Forde recalled how he came to know of Dudley Laws and how, instead of listening to those of his colleagues – including Black police officers – who advised that he should distance himself from Laws, made a point of getting to know him and to understand what he was about. He said that he came to realize that both he and Dudley had the same goals of social justice.
But, to me, Forde’s acceptance of Dudley Laws meant a lot more than that.
Here was a police officer on the way up in the department whose career could have potentially been jeopardized by his association with someone who had been known as a fierce critic of the police. Yet, he chose to follow his conscience. He even attended on several occasions the annual Dudley Laws Day which celebrates Laws’ birthday in early May.
Instead of hurting his career, the Barbados-born Forde became the first Black deputy chief in the city’s history.
Which just goes to show that – in this country and especially in this city – people in power respect you when you stand on principle. What you say might make them uncomfortable but they will respect you more than they would those who ‘go along to get along’. That is a lesson more of our would-be leaders – and our young people – need to learn.
Dudley Laws spoke for all of us, even if we didn’t realize it or didn’t acknowledge it. When he spoke out against biased police behaviour towards Black people, the changes that resulted benefited all of us, not just Black people living in certain areas of the city. When he and others with him spoke out against racism, positive changes that resulted benefited all of us.
And there have been a lot of changes. For a period last year, there were two Black deputy police chiefs in Toronto – Forde, before he retired, and Jamaican-born Peter Sloly. Just recently Sloly acted as chief in the absence of Chief Bill Blair.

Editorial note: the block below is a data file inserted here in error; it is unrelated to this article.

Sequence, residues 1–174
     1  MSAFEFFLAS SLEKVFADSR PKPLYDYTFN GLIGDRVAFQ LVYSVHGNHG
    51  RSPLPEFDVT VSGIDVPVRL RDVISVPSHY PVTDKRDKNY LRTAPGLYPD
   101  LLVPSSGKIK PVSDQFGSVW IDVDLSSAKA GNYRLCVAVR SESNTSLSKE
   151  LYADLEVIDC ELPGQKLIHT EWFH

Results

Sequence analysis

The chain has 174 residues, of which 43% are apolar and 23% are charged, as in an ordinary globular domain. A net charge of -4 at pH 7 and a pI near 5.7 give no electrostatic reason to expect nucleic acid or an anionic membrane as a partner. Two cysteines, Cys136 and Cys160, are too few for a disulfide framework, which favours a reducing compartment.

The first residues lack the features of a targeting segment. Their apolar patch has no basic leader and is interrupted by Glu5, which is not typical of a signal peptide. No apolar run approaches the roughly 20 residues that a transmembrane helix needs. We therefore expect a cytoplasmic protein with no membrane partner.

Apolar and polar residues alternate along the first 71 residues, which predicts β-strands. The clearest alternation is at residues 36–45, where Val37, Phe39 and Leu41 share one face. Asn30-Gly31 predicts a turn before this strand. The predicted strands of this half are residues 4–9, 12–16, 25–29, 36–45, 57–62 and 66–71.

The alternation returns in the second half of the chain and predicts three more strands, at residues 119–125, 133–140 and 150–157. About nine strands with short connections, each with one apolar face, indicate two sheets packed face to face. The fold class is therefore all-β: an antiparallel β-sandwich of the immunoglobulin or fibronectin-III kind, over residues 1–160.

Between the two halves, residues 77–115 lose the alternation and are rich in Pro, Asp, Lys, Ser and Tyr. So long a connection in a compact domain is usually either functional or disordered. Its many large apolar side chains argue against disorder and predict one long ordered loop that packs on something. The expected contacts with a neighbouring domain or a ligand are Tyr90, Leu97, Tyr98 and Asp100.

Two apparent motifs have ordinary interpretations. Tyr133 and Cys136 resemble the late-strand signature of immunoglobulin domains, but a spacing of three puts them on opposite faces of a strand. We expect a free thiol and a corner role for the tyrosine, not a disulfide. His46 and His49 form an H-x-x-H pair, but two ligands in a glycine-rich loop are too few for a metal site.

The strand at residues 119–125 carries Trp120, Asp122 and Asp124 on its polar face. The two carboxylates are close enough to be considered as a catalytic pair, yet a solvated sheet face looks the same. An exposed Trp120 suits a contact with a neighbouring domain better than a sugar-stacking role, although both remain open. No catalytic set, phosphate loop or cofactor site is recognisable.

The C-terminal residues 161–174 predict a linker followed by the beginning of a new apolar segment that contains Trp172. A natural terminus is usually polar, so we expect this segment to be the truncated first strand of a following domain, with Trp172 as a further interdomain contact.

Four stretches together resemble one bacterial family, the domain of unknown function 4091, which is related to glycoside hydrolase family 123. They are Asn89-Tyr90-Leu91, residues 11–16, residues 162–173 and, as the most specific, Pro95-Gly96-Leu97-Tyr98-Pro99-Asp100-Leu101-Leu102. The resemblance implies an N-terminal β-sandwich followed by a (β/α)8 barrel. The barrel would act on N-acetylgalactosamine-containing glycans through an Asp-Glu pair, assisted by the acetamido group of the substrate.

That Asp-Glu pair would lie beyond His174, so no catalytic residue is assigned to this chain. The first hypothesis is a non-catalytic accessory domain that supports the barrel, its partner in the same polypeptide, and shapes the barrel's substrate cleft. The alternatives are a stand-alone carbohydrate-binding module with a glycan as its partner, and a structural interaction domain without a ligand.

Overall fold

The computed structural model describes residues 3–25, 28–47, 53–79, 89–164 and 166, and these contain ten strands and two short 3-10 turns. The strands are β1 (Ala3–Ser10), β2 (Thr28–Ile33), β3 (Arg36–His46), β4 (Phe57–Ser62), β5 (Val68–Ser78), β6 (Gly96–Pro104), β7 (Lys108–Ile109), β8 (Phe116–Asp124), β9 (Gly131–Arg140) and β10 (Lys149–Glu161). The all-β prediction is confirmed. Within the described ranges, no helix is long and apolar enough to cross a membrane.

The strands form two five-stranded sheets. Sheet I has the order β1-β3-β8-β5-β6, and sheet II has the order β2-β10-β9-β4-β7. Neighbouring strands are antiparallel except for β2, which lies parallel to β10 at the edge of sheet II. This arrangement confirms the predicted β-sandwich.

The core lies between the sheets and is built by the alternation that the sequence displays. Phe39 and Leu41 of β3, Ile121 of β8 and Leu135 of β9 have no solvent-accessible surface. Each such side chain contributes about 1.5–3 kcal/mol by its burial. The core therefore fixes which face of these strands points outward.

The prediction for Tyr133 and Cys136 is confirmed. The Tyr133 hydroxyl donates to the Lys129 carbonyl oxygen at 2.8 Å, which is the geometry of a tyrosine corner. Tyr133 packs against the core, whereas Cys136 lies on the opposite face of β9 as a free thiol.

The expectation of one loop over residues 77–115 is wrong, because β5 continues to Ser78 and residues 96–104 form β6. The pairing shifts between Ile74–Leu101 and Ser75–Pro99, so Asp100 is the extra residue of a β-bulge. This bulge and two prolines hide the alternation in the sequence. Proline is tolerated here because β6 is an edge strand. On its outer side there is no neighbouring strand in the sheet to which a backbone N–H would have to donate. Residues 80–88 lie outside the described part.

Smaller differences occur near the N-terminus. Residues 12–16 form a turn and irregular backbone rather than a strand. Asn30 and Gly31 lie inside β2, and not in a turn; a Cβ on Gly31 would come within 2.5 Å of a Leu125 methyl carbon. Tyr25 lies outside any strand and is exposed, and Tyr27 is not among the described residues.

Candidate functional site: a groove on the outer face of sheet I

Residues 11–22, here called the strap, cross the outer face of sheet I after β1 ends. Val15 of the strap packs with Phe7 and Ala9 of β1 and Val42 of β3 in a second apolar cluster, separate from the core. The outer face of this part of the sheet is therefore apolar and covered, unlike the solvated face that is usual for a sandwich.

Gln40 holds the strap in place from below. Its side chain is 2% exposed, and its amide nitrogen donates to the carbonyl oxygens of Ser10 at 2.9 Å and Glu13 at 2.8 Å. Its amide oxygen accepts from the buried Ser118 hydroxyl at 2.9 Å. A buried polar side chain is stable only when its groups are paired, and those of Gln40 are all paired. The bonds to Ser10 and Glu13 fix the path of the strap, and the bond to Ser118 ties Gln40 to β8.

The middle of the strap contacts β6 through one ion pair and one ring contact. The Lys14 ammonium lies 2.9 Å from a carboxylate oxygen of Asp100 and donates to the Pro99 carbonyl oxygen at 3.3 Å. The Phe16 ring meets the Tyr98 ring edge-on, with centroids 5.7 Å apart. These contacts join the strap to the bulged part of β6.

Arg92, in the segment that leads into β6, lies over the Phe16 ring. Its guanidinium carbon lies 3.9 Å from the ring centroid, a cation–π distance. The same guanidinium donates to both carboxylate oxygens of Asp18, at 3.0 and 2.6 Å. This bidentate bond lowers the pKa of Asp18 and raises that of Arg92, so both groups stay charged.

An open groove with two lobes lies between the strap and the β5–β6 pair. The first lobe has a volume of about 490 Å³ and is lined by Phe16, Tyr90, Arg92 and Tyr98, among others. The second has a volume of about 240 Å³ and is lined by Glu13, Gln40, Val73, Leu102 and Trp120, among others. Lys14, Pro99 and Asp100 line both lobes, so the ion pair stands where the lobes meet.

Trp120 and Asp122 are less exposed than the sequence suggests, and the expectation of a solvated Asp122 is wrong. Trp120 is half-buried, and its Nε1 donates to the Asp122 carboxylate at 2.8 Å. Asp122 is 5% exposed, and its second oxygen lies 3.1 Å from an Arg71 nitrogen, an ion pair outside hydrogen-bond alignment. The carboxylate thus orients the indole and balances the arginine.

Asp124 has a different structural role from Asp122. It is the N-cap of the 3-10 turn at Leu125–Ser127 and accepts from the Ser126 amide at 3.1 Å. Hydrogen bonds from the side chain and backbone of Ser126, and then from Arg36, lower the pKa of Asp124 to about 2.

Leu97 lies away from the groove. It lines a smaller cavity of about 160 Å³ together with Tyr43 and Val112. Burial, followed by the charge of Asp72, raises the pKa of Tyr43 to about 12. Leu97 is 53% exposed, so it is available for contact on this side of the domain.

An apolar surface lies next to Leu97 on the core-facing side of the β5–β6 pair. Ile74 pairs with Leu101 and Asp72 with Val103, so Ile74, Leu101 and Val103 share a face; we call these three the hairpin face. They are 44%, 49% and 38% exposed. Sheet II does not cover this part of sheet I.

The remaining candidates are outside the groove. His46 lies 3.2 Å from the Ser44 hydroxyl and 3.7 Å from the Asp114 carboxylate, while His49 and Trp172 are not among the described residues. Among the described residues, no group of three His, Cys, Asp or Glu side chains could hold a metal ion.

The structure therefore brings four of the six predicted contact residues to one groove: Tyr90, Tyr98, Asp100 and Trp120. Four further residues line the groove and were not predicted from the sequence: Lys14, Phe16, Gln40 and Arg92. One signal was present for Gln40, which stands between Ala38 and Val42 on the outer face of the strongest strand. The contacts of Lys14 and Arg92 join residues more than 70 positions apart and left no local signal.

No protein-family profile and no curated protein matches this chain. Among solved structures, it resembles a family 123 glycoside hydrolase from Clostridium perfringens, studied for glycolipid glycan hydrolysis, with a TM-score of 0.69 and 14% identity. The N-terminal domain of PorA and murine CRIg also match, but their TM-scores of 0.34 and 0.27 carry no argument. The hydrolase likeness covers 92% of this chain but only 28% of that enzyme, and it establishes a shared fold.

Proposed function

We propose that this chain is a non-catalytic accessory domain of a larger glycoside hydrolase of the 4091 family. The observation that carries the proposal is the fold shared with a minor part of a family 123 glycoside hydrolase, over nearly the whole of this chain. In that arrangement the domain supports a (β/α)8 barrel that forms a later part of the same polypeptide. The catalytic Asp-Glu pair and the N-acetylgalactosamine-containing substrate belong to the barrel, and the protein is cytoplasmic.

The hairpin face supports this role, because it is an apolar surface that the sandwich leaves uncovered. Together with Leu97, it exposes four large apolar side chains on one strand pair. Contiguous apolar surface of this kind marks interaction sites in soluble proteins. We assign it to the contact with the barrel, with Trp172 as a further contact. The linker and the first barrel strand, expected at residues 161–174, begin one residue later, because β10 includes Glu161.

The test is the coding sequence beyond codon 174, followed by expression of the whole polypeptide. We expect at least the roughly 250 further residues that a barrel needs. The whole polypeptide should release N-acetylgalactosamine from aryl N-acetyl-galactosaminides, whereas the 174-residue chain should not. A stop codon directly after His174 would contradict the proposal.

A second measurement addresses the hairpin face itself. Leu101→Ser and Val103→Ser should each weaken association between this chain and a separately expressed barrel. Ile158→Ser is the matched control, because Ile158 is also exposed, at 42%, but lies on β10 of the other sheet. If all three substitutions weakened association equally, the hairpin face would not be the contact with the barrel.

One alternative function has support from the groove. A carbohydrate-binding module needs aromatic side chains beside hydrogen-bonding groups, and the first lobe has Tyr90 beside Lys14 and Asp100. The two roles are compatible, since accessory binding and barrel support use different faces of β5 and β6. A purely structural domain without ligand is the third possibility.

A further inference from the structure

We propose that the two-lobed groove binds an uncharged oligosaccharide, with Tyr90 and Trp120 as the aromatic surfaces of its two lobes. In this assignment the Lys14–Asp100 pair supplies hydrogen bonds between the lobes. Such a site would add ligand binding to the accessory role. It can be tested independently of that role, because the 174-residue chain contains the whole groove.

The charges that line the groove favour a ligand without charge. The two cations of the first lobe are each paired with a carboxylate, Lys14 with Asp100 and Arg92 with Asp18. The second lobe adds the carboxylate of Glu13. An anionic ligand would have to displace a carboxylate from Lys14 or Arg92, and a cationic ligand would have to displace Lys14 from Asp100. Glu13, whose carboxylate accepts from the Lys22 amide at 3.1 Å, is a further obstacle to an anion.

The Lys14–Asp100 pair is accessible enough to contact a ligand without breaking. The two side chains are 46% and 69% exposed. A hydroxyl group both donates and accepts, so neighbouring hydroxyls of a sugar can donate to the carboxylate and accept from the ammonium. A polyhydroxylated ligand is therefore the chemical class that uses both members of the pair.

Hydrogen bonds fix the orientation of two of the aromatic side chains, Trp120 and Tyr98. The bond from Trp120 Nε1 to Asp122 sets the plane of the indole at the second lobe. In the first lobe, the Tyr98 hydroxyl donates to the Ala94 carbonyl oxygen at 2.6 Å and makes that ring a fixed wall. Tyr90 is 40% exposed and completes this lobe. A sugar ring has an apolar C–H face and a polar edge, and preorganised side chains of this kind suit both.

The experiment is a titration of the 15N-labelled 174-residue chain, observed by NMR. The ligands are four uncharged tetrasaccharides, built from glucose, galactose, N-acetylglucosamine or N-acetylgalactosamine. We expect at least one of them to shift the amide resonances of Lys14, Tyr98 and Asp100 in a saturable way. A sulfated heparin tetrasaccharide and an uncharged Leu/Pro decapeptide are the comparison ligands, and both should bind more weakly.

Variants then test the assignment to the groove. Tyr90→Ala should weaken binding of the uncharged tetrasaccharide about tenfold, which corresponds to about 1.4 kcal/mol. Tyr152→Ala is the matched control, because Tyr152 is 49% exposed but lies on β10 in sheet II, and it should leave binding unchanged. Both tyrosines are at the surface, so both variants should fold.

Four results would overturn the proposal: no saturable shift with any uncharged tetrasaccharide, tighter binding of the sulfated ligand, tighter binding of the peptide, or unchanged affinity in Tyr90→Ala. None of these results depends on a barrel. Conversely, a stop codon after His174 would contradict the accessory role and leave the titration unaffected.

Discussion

There have been so many other positive outcomes for Black people in this city. Every week in Share there are stories of Black success whether by young people forging ahead in academia or Black lawyers making it on Bay Street. There was a time that these advances would have been nothing more than a distant dream. And I sincerely believe that we have a much better police service in this city today because of the work of Dudley Laws and BADC.
Recently, my wife and I visited Dudley at Humber Hospital (Church Street site) where he has been for a while now. At the time of our visit he was hooked up to a dialysis machine. After warmly greeting us, his very first words were of concern for our young people who are destroying themselves and each other. It must break his heart.
Those who organized the tribute to him on Sunday – and who must be commended for a wonderful event – said that Dudley, surrounded by his family, watched the proceedings from his hospital bed, thanks to modern technology. I am glad he was able to see and hear the respect and admiration that was expressed. I can only hope that he truly knows how much he is appreciated.
Thank you Dudley Laws for speaking for me – and for all of us.